Listening carefully to Adrian (I often do, even as I’m playing along with him), I admire that not only does he play an amazing arrangement of notes in a song, he hits the notes with precise timing.

The space between his notes is musical beauty.

Recently, on the Karate front, I’ve been pondering Mokuso, roughly translated as ‘meditation’, but much more than that I’ve found. As I often do, I posed my thoughts and an inquiry about Mokuso to a karate Sensei that I consider a very learned resource and one always willing to share his thoughts on a topic.

On Mokuso, this is part of the superb exchange I had with Sensei Toru Shimoji:

Most of us, including me (!) suffer from busy and chatty mind that runs like a hamster on a wheel. I’ve been working hard to take time throughout the day to simply breathe and enjoy the space between my thoughts. It was fleeting at first, if not accidental, that I would find myself there. Typically, thoughts are closely hooked to the past and future, pulling and projecting, as you argue, judge, plan, worry, etc. and etc. It becomes a routine, a pattern. Mokuso can help you break this habit, with deep silent breath opening a space between the thoughts. Once there, the moment of presence is blissful. Like a child, you will repeat pleasurable experience, so the idea of Mokuso is not work, but rather returning to a state we once had.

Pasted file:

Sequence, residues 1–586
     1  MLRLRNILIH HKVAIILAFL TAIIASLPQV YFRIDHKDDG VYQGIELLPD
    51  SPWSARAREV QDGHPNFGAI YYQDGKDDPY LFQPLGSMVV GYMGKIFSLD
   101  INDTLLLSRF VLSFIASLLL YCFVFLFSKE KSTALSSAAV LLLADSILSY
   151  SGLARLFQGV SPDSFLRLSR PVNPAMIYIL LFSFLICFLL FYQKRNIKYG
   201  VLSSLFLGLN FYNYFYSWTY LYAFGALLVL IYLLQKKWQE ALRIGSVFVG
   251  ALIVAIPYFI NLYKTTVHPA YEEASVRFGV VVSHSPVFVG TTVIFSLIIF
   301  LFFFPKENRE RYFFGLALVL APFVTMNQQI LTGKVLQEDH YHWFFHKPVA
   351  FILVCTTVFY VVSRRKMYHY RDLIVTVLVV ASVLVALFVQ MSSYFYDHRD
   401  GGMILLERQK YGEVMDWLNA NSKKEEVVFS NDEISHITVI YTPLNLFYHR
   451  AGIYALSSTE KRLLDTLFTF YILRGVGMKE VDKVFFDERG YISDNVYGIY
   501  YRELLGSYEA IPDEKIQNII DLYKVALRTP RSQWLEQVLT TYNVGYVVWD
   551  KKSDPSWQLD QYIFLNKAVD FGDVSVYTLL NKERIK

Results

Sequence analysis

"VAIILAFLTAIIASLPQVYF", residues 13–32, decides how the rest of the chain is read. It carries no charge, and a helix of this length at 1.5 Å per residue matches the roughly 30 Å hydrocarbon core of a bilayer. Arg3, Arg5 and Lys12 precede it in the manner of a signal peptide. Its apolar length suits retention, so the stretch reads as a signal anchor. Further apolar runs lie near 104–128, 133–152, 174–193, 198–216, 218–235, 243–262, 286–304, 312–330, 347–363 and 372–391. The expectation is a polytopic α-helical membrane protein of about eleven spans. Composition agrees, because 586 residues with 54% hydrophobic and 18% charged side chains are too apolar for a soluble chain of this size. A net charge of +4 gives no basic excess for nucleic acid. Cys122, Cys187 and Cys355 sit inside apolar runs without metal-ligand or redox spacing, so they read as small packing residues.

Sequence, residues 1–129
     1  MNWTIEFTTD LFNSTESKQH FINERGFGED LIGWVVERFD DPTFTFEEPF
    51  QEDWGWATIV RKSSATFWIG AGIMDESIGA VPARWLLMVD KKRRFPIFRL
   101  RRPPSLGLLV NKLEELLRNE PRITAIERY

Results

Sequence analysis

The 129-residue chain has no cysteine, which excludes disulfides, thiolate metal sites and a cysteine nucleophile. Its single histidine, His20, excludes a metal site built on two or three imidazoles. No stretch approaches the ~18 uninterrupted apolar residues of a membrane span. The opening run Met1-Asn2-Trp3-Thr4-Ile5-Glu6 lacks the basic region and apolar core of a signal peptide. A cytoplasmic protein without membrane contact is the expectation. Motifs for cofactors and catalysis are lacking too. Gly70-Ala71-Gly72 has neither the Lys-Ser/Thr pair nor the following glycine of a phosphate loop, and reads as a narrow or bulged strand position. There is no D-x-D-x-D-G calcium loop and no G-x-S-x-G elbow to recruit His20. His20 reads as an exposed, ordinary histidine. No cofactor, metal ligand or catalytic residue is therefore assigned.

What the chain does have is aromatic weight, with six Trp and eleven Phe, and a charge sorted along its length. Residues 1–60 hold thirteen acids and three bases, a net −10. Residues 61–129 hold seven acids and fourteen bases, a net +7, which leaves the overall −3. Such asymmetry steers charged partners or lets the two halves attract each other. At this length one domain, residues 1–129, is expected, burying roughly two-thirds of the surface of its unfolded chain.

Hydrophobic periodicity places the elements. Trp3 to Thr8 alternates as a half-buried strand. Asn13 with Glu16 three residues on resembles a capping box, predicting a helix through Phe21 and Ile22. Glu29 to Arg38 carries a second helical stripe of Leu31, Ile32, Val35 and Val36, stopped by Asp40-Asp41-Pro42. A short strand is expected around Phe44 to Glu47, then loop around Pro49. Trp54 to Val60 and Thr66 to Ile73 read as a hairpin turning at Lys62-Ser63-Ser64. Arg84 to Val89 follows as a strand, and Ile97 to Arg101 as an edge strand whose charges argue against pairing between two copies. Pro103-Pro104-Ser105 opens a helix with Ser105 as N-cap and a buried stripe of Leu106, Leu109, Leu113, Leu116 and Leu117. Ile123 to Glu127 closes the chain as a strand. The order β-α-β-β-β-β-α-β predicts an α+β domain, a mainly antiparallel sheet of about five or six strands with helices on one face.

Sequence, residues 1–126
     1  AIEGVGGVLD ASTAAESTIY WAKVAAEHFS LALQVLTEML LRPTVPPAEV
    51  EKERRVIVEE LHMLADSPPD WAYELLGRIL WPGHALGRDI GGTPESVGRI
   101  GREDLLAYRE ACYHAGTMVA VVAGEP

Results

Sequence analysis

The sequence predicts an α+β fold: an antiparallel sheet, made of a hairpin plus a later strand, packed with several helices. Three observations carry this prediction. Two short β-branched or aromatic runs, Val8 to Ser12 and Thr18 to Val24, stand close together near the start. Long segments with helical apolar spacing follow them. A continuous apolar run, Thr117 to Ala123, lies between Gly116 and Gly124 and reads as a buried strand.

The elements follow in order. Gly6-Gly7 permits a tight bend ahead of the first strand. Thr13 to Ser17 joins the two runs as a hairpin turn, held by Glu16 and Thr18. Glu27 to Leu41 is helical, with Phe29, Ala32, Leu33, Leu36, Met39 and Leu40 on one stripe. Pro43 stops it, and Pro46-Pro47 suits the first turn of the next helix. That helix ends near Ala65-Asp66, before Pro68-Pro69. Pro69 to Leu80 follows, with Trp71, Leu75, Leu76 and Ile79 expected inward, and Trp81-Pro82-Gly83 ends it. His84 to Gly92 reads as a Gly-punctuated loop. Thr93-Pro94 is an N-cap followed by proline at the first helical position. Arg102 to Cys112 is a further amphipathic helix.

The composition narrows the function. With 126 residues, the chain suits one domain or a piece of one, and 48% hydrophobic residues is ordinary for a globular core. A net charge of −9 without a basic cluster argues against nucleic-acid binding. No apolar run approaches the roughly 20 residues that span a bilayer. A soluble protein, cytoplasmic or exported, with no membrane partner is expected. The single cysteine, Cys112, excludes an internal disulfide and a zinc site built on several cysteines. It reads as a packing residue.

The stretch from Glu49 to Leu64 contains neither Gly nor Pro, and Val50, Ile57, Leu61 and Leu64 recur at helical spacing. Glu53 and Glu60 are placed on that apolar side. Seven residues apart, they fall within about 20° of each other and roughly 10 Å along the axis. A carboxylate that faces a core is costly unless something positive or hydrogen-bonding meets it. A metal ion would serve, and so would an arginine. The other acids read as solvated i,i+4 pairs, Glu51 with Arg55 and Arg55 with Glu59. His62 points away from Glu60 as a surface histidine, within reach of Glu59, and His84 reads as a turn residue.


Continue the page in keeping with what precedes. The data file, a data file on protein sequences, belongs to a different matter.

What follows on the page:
Mokuso then is using the breath – breathing deeply – as a means to clear the mind without trying to do so, to get to a place where we enjoy the “space between our thoughts” – stillness. A conscious attempt to try and clear your mind simply creates more mind traffic, but sitting quietly and doing nothing but breathing reaps the benefit of a clear mind. Simply breathing and perceiving the stillness allows you to have an open mind to experience the class and absorb the instruction.

One day I’d like to get Adrian and my musical friends as well as Sensei Shimoji in the same room: two seemingly different authorities on the very significant concept of the space between – both of whom have a lot to teach me!

Tuidi – Okinawan Karate Tools

If you’re going to master Kumite, you’d better know how to fight inside and out.

Growing up in a small outport, when the spring ice started breaking up and got too ‘slobby’ to go ice panning on, we were constantly reminded: ‘Mind yourself around the ice! Keep your distance!’ Otherwise meaning stay off the ice for fear of mother’s wrath!

In Karate, keeping your distance is fundamental to the Art – Maai, or engagement distance as Jesse Enkamp refers to it, is fundamental in competitive Karate.  Staying right on the peripheral edge of where you need to be to engage your opponent is critical. Stray slightly inside this edge and you’re in the combat zone; slip slightly outside this edge and you limit your attack possibilities. A concept from Kendo, correct Maai is life or death – no different than engaging a knife attacker.

TuidiHaving said that, enter Tuidi, an Okinawan term for fighting techniques used in close. We Shotokan people never want anyone to get too close to us or to grab us in an altercation, but in case someone does, you have to have a few tools in your toolbox. After all, if we look at Kata, every move is an engagement move: attacks and destructive defenses, the stuff that happens when you cross the invisible combat line.

Seizing someone’s neck, an arm lock and break, or dislocating an opponent’s shoulder aren’t pretty, but neither is losing a real battle. We need to get to know our Tuidi.

Once again, Karate imitates life: fundamentally most important is what happens on the inside.